Finally, "Mr. B's Lost Shorts" is a collection of some of the educational shorts that were tackled on the show. The best of them is "Mr. B Natural," which is probably the "Manos: Hands of Fate" of MST3K shorts. Other shorts are "Design for Living," "Hired!
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Format: VHS Tape
If you try hard, you can find both positive and negative things to say of this movie. One definite plus is Yvette Vickers, who looks good in leopard-skin underwear. The tawdry little plot is a combination of Erskine Caldwell style southern lust and adultery portrayed against the background of a 1950s/early 1960s low-budget sci-fi flick. Some of the supporting characters resemble the "gloom, despair, and misery" guys from TV's Hee Haw. There are atomic-size leeches in the local swamp. The authorities are baffled when local-yocals mysteriously disappear. As in many of these old sci-fi flicks, the script wastes time having the various characters dispute that anything unnatural is going on, and then arguing over how to deal with the problem.
Ultimately, this movie can either be totally disregarded, or taken as unintentional humor. I usually have a weakness for movies that are "so-bad-they're-good," hence the 2 stars rating. Others beware.
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Format: DVD
When I was young at 10:30 on Saturday evenings the local television station played their weekly “creature feature.” The show was always a grade B horror movie and this one is within that niche. In fact, I remember watching it decades ago, the movie being memorable for the absurdity of the costumes of the man-sized leeches.
The setting is the swamps of the southeastern United States and many of the main characters are clad in bib overalls and talk like local country folk. As a recent political commercial demonstrated, there is nothing more phony sounding than professional actors trying to portray simple local folk. Their dialogue sounds artificial and some of the situations are right out of the book of clichés to be avoided. There is a young southern woman that is straying from her overweight husband and she shows as much female skin as was tolerated when the movie was made. The hero of the story is the local game warden, a man of honor that upholds the law, even when it is contrary to his love interests. He also shows as much skin as the law allowed at the time.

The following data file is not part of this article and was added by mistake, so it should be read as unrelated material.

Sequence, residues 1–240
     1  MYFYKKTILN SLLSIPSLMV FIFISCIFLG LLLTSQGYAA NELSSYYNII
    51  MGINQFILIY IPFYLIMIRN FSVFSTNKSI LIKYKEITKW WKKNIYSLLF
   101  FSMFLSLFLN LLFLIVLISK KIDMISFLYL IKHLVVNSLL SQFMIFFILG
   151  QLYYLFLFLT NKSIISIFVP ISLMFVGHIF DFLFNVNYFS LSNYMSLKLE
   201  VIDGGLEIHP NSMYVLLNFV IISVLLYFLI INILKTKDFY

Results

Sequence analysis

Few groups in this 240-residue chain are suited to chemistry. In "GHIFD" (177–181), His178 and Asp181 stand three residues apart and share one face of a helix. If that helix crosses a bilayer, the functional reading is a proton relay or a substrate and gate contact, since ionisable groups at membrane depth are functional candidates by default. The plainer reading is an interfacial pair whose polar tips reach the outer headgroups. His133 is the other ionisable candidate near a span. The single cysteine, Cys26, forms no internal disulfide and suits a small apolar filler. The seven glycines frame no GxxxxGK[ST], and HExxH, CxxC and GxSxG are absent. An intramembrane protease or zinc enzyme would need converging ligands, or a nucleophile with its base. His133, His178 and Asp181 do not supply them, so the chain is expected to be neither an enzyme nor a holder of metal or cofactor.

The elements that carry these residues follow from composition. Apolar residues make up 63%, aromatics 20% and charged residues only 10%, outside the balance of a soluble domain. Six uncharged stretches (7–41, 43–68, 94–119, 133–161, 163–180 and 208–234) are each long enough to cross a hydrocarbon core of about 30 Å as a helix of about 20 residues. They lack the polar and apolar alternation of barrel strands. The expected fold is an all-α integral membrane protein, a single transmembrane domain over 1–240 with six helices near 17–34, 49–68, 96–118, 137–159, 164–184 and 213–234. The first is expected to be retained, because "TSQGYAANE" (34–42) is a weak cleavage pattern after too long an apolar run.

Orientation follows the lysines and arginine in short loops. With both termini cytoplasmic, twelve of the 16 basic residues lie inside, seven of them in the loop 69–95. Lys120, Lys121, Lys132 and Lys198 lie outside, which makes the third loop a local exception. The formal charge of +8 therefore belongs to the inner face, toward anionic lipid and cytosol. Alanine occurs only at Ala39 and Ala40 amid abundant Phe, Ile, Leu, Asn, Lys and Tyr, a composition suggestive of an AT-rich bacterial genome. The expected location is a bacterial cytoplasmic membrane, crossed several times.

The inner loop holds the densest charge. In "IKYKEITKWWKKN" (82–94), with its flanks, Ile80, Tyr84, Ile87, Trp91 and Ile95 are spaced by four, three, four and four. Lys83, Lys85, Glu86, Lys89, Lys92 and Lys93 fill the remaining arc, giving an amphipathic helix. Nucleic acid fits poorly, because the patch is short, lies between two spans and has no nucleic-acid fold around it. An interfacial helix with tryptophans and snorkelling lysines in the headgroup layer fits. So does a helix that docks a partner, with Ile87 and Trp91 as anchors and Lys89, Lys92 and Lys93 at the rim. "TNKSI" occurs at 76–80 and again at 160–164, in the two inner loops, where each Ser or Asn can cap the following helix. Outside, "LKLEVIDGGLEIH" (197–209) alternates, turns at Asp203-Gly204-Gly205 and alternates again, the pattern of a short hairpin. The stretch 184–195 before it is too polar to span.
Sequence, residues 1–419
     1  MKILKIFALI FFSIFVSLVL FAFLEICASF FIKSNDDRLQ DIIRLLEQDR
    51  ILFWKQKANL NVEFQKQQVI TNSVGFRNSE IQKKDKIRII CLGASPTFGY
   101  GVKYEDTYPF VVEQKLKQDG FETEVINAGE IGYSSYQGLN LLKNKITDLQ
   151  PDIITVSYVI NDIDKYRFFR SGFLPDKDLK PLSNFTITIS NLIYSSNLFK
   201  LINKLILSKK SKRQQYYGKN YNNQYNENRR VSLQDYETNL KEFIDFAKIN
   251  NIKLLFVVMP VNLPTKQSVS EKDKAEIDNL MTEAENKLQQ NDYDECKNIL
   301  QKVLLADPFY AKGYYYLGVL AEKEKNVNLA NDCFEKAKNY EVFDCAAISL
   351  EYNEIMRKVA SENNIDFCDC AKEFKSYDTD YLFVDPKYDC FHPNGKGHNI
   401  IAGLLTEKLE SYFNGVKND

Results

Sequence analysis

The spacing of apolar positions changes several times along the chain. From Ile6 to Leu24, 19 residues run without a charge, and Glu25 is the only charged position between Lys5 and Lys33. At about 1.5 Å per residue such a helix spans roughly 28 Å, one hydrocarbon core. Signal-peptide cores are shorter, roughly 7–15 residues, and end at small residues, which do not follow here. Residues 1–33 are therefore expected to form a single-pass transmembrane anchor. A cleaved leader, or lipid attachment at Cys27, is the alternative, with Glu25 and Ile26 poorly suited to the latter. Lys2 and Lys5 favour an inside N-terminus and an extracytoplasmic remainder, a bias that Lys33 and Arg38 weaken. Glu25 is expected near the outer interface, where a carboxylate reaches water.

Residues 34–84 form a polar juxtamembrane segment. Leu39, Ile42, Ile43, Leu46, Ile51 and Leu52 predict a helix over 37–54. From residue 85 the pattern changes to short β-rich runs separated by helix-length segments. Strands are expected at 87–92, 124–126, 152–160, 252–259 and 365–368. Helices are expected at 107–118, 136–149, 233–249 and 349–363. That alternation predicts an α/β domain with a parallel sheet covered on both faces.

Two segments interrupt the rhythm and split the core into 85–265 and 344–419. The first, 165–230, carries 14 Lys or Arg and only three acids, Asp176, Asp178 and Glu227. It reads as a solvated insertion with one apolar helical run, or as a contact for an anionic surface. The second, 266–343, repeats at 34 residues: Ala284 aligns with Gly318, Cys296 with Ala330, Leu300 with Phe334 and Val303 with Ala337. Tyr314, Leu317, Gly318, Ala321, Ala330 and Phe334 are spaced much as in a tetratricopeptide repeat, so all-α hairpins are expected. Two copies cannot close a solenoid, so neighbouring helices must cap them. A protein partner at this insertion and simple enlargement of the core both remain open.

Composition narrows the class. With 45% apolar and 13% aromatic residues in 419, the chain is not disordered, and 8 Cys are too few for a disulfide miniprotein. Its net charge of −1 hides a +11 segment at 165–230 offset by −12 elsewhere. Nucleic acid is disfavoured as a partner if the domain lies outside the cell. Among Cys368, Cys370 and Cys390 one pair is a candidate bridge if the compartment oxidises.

For reasons that are logically challenged, the giant leeches are suddenly hungry for human blood and begin attacking humans. However, they are also clever enough to capture some so that they can engage in regular mealtimes. With the help of dogs and volunteers, the game warden is able to track the leeches to their local swamp and rescue the last remaining prisoner of the leeches, quite naturally the voluptuous woman.
As is expected in movies like this, the acting is poor and the quality of the story even worse. However, back when they were made the entertainment expectations were much lower, so they were suitable for the late-night “watched in bed” movie on television. Now, these movies are largely watched for nostalgia and to hoot at when the monster makes an appearance. That type of fun is timeless.
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By Roochak TOP 1000 REVIEWER on April 10 2015
Format: DVD
Three features and a collection of shorts in volume six.

Joel's next-to-last episode before leaving the show, and MST3K's second western in a row (after THE PAINTED HILLS), GUNSLINGER (1956) is Roger Corman's version of Johnny Guitar. The difference is that JOHNNY's director, Nicholas Ray, was an artist who often directed hackwork; Corman was a hack. Thus, while both films are centered on epic duels between two powerful women, one is a sexually ambiguous mashup of the western and the gothic romance, while the other is the very silly story of a love triangle between a cold-blooded lady marshal, the town's saloon keeper/crime boss, and a sentimental hitman in love with them both.

Shot in seven days, an unusually long time for a Corman film, GUNSLINGER is ripe for mockery, but the riffing can't quite overcome the movie's sheer tedium: endless exposition, multiple subplots, murky sound, sets (and editing) that have characters warping time and space, and one-dimensional characters too blank to care about. The SoL crew did the best they could with westerns, but after LAST OF THE WILD HORSES, they never tried another one. Is the genre just inherently unfunny?

More Corman, this time as co-producer of 1959's ATTACK OF THE GIANT LEECHES, memorable for scantily-clad swamp trollop Yvette Vickers, and nothing else. It's one of the funniest creature features from the Joel era.